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I'm just getting started with permissions on AWS S3 and Cloudfront so please take it easy on me.

Two main questions:

  1. I'd like to allow access to some users (e.g., those that are logged in) but not others. I assume I need to be using ACLs instead of a bucket policy since the former is more customizable in that you can identify the user in the URL with query parameters. First of all is this correct? Can someone point me to the plainest english description of how to do this on a file/user-by-file/user basis? The documentation on ACL confuses the heck out of me.

  2. I'd also like to restrict access such that people can only view content on my-site.com and not your-site.com. Unfortunately the S3 documentation example bucket policy for this has no effect on access for my demo bucket (see code below, slightly adapted from AWS docs). Moreover, if I need to foremost be focusing on allowing user-by-user access, do I even want to be defining a bucket policy?

I realize i'm not even touching on how to make this work in the context of Cloudfront (the ultimate goal) but any thoughts on questions 1 and 2 would be greatly appreciated and mentioning Cloudfront would be a bonus at this point.

`

{
    "Version": "2008-10-17",
     "Id":"http referer policy example",
    "Statement": [
        {
            "Sid": "AllowPublicRead",
            "Effect": "Allow",
            "Principal": {
                "AWS": "*"
            },
            "Action": "s3:GetObject",
            "Resource": "arn:aws:s3:::my-bucket/*",
            "Condition": {
                "StringLike": {
                    "aws:Referer": [
                        "https://mysite.com/*",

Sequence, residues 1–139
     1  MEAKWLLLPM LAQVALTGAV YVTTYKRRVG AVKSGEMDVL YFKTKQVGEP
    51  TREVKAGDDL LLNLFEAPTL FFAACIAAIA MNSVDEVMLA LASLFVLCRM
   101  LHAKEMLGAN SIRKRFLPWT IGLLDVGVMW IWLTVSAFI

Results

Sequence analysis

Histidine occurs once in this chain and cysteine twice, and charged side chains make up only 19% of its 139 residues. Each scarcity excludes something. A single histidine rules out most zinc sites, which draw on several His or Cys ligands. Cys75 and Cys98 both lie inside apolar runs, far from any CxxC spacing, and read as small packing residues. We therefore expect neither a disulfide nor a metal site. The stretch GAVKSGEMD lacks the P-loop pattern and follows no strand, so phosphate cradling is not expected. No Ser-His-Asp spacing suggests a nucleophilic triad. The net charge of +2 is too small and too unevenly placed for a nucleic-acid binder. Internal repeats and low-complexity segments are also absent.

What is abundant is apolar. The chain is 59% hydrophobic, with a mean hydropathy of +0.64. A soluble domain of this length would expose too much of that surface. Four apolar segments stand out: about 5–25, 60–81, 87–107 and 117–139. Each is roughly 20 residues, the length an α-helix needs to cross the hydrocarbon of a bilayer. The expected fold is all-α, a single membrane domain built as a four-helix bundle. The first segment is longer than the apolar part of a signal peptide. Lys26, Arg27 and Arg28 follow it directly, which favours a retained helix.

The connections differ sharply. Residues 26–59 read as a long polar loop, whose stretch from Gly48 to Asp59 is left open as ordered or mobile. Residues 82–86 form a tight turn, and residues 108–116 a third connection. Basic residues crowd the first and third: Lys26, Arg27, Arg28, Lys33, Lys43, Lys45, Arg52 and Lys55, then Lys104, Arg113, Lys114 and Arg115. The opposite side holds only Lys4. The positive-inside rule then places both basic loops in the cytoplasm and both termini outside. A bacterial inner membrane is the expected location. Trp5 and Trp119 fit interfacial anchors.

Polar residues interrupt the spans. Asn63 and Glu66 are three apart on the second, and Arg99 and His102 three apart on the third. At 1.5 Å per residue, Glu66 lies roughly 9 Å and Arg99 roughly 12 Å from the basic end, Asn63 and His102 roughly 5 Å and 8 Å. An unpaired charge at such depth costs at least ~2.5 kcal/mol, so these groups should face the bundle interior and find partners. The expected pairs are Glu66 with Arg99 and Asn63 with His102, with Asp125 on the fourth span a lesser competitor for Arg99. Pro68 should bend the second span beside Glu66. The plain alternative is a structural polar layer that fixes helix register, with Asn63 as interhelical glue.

"https://www.mysite.com/*"
                    ]
                }
            }
        }
    ]
}
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1 Answer 1

  1. To restrict access to CDN, to serve what we call "private content" you need to use the API to generated signed URLs and you can define the expiration of the URL. More information is here.
  2. You can use the Origin Access Identity—as explained here—to prevent the content from being served outside cloudfront.

I thought I had some code here from a past project to share and didn't. But, at least I was able to dig into my bookmarks and find one of the references that helped me in the process, and there is another post here at stackoverflow that mentions the same reference. See below the link to the reference and to the post.

http://improve.dk/how-to-set-up-and-serve-private-content-using-s3/

Cloudfront private content + signed urls architecture

Well, it is two years old, you might have to change it a little bit here and there, but you'll get the idea.

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thanks @Felipe, do you have any code in any language that can provide an example? –  tim peterson Sep 18 '13 at 20:42
    
I might have some bits and pieces from a past project. I'll dig into to it and post to you. –  Felipe Garcia Sep 18 '13 at 22:39
1  
Unfortunately I haven't found the source code that I produced, but at least I found some references I'v used in the past. See the updated answer. –  Felipe Garcia Sep 18 '13 at 22:42

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